In a party distinctly lacking in female representation, Mary Wooldridge has been left alone at the top of the ticket, but her colleague Bruce Atkinson, the current president of the upper house, is facing three challengers for the safe No. 2 position after 25 years in Parliament. The most serious threat is from former Kevin Andrews adviser Nick Demiris, who was pivotal in the campaign in which anti-abortion advocate Tim Smith defeated then “rising star” and cabinet minister Wooldridge when she attempted to move from the abolished lower house seat of Doncaster to neighbouring Kew in 2014.

Wooldridge, the younger sister of former federal health minister Michael Wooldridge, is considered the only potential female leader in the current Liberal party room but is unable to contest the position while languishing in the upper house.

Liberals like to show respect for senior office holders, and former journalist Bruce Atkinson has done well to win the support of the Greens and the crossbench in retaining the upper house presidency under a Labor government.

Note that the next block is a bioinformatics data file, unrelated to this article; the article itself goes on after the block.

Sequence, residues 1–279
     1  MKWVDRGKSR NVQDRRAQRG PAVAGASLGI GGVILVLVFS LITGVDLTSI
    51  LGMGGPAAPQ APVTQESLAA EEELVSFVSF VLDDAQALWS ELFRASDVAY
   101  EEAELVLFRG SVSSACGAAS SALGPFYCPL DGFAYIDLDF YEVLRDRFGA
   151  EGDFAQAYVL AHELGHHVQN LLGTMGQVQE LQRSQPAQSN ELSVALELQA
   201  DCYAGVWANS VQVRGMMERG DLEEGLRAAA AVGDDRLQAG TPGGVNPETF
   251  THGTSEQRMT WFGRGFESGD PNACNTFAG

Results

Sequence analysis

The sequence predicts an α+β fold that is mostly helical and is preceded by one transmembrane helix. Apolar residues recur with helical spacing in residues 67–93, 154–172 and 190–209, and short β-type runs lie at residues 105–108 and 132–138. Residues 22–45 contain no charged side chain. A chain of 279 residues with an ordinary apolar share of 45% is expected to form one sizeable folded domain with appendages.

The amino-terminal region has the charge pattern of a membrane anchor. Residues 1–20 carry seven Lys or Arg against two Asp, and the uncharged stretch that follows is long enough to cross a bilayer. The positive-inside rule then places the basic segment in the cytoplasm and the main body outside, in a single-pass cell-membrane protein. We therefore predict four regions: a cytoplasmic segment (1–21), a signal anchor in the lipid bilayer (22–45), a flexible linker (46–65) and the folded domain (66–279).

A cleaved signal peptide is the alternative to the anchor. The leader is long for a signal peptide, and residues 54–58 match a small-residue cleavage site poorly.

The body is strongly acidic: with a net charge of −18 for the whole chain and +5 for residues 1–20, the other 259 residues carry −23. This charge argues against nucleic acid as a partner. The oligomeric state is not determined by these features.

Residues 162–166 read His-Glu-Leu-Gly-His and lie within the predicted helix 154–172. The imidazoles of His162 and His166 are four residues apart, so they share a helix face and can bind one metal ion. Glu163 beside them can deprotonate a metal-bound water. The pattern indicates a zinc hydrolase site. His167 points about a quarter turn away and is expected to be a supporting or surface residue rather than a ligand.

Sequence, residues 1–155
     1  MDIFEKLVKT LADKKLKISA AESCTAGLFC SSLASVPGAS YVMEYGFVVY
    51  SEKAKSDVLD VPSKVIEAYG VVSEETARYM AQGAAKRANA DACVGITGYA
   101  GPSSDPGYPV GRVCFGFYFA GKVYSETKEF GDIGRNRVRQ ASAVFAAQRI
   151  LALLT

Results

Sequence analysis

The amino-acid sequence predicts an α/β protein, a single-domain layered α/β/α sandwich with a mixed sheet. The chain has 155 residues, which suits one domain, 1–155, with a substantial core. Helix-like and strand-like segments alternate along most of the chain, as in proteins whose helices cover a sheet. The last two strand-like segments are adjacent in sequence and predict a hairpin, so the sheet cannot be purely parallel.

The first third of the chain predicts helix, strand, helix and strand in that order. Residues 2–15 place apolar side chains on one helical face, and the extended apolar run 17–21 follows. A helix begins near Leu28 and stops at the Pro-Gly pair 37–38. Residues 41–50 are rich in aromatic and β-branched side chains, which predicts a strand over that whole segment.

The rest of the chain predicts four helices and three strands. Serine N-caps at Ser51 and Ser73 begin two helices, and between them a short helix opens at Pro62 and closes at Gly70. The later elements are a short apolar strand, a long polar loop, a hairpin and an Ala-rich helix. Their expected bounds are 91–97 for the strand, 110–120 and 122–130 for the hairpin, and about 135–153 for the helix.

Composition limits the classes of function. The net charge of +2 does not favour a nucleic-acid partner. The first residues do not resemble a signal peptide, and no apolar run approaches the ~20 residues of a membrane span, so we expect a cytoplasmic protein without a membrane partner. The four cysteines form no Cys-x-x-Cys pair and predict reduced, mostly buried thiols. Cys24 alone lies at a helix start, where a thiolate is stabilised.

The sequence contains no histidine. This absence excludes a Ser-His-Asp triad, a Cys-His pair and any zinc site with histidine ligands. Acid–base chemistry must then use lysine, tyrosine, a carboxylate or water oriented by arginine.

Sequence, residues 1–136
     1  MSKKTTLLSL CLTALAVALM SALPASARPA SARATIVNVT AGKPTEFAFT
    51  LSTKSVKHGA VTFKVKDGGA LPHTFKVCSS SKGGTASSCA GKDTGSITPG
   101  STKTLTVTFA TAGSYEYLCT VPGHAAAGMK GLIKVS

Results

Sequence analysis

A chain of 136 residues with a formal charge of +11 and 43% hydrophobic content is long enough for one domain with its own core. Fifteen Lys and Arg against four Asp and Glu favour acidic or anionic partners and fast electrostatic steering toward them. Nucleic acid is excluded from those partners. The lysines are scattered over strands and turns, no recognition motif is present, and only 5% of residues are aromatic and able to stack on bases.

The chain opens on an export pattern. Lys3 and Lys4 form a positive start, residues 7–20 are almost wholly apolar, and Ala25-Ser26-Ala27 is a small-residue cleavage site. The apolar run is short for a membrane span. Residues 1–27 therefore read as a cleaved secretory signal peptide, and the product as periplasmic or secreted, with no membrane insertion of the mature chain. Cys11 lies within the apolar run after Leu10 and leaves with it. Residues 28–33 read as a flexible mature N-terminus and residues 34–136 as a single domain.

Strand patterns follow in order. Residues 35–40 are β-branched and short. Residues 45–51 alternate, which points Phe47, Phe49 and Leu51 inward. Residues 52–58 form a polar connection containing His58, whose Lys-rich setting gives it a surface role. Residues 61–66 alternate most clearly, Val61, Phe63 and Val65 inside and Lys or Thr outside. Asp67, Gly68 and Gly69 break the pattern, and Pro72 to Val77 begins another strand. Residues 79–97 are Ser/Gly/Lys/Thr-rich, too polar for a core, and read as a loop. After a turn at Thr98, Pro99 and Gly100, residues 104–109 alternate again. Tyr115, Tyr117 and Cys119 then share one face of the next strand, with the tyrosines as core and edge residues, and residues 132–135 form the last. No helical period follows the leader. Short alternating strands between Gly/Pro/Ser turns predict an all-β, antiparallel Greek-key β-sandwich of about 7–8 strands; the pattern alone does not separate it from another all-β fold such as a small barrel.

The uppity Atkinson challengers, who also include Indian community leader Vasan Srinivasan and a junior staffer to vacating upper house member Richard Dalla-Riva, are expected to bomb and also suffer in the main game of the day: choosing the No. 3 on the ticket, which has attracted a field of eight candidates.

It’s an open field, but the prolific party fundraiser and Porsche-driver Gladys Liu is considered a chance after several previous failed runs at the upper house.

How not to campaign. UK Prime Minister Theresa May has been criticised for not engaging with voters in the lead-up to next month’s election — so she gave it a try. The problem was that, with cameras in tow, no one was home as May knocked on door after door.

Turnbull’s lecture pays dividends. Bankers have long memories, especially after two centuries. Remember how Prime Minister Malcolm Turnbull disrupted Westpac’s 199th birthday celebrations on April 6 last year to lecture the assembled dignitaries about culture and social responsibility?